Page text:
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Intro: Welcome to the Smart Energized Entrepreneurs Podcast with JP Stonestreet, episode #24.
JP: In today’s episode, Jessica Winkler shares some of her web design expertise. She is a very talented web designer and web developer located here in the Denver metro area, but before we get into the interview, I would like to invite you, as I always do, to go to my website JPStonestreet.com and sign up for my newsletter to download the free stuffs that I offer as a thank you for signing up. I send out a newsletter about once a week and it usually got some entrepreneurial content and a digest of the week’s content that I put out, the podcast, the YouTube videos, the blog, just a weekly digest plus a little bit of extra content just for you subscribers. Now, let’s welcome Jessica Winkler. She is a two-time graduate from The Art Institute of Colorado. She spent the last dozen years in the video production and web design and development industries, a Denver native with a penchant for geekery, Jessica took her unique skill set and started Digital Simplicity, an internet, web, and new media company focused on collaboration development. Now in her fourth year as an independent business owner, Jessica is looking forward through continued education in her field to new collaboration with clients and growth in professional leadership. So, let’s welcome Jessica Winkler.
Welcome Jessica to this episode of the Smart Energized Entrepreneurs Podcast. How is your Monday going?
Jessica: It’s going fabulous JP. Thank you for having me.
JP: You bet. I have been looking forward to talk to you about your business. You are my first web designer. We also do video production. So, we can talk about both of those. You and I met at a networking event, what was that like 5-6 months ago probably?
Jessica: Yes, shocking. Networking events is where you meet everybody these days.
JP: I know, we just keep bumping into each other at them. So, I thought it would be good to interview you on the podcast and get your entrepreneurial experience recorded for posterity.
JP: So, let’s go ahead and jump right in. Why don’t you start by telling us about yourself, who are you and then tell us about your business?
Jessica: I am a Denver native. There is not that many of us here I swear.
JP: There is not.
Jessica: I am a two-time graduate from The Art Institute of Colorado. I went for two film degrees. When it comes to web development and design, I am totally self-taught. I started making Star Wars website when I was in sixth grade just for fun and it turned into a job, who knew, but yes, I have had my own business now for four years doing both web development, design, and video production and I am really just looking forward to continue to grow it and meet new partners and collaborate with great clients and see where it takes me.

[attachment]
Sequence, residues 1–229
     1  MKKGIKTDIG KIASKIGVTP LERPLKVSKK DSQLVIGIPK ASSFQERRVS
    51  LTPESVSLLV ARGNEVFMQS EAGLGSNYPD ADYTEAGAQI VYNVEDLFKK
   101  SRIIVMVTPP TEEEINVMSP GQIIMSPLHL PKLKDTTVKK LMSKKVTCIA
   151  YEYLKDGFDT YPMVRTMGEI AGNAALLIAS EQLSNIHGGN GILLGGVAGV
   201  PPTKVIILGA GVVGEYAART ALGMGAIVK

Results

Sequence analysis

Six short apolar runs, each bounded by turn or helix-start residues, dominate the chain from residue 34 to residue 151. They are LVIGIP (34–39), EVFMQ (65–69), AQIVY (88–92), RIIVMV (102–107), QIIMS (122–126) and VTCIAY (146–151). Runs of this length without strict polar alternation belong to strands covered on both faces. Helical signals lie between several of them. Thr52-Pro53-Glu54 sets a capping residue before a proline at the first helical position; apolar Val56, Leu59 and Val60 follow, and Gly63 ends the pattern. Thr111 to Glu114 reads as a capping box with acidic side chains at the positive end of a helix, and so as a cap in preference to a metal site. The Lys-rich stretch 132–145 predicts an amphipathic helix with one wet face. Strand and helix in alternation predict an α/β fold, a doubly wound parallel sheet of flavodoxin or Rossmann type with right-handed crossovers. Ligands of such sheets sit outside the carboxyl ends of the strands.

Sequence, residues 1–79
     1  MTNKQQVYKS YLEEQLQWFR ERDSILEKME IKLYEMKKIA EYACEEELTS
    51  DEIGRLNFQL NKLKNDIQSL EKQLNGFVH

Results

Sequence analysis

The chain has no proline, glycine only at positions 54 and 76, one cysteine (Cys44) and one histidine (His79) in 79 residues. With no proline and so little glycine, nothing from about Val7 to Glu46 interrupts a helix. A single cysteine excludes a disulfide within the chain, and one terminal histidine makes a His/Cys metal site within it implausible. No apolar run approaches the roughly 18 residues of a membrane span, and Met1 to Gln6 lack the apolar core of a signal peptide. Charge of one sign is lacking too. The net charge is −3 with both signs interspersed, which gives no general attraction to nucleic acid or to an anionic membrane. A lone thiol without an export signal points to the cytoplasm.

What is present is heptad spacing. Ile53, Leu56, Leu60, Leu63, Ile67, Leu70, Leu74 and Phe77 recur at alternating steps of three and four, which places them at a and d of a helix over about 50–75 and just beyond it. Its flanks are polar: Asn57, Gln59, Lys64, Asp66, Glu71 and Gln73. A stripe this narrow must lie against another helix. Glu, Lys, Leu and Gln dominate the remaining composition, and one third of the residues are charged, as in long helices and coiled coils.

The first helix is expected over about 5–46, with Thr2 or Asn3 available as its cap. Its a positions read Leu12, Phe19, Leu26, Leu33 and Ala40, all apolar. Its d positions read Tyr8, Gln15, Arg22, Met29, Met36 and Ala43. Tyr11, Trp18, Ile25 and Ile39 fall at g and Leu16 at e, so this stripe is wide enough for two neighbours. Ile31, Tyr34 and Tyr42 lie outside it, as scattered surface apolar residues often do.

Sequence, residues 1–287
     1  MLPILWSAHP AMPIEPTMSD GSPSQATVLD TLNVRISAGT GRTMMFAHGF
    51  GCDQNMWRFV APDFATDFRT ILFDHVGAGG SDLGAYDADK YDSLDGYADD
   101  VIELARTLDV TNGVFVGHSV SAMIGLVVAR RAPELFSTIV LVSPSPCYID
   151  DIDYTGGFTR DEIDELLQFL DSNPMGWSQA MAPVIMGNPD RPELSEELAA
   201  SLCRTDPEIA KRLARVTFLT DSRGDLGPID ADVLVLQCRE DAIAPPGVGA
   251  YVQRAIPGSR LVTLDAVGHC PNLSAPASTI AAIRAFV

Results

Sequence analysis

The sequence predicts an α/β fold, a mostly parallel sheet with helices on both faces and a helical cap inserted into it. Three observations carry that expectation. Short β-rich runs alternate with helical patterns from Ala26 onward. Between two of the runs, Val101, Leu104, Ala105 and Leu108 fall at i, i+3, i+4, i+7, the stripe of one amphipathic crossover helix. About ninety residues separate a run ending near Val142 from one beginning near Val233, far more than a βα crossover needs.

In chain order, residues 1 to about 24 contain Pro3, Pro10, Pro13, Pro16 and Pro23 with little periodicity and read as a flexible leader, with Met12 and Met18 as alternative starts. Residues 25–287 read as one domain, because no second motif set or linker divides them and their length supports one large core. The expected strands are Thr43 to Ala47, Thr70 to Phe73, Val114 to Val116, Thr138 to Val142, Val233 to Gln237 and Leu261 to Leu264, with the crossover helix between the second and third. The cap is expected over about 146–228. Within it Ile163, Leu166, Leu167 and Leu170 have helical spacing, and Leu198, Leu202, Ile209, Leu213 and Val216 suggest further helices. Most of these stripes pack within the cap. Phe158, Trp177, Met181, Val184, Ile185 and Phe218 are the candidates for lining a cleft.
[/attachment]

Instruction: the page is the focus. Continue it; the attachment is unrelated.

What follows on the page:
JP: Cool. Did you say Star Wars websites?
JP: I caught that right.
JP: What is that about?
Jessica: I am a geek, a born one and when the Star Wars movies were re-released back in the 90s, the original trilogy before the prequels came out, my obsession for it grew to new heights and I remember making gifs for star-filled background for my first website and it was really just a fan page about how awesome Han Solo was. My roots in geekery and web development go deep, they go deep.
JP: Awesome, so that’s how you got your start in web development with Han Solo fan page.
Jessica: Yes, totally.
JP: Great. I love that origin story. That’s an awesome origin story.
Jessica: Is it worthy of a comic book?
JP: Yes, why don’t you do that? You have an Arts degree, a couple of them. Why don’t you make your own comic book?
Jessica: Yes, I have thought about that and yes, it seems so daunting with all the drawing.
JP: It does, yes it does. All right, so tell us about your business now.
Jessica: Let’s see. My business, I own a company called Digital Simplicity. Like I said, I have had it for about four years and my main focus is really working collaboratively with clients, offering them a place where they are able to actually sit down with the web developer or Skype in certain cases and have a hands on process available to them as far as everything from the conception of the webpage to figuring out functionality how is it going to work for them, making a tool for them that works within their specific industry and business, it’s actually useful as well as a marketing tool that’s effective for their clients and so, I really try to bring along the client along on the process. Communication is absolutely the key, I project manage every site that I do and it just allows them to really see the process of it as well as be a part of it, be able to give feedback quickly and I have found it has really made the process a lot simpler for one and a lot more enjoyable. I find talking with most people that their biggest problem with past web developers is it just felt like it was such a huge deal. It didn’t go as smoothly as they wanted to; communication always seemed to be an issue. So, I really tried to take my history of video production and being a producer as well as years of customer service, thank you service industry, and bring them into my web development business. So really giving that customer care, that customer appreciation, and that service along with creating a process that’s enjoyable as well as productive.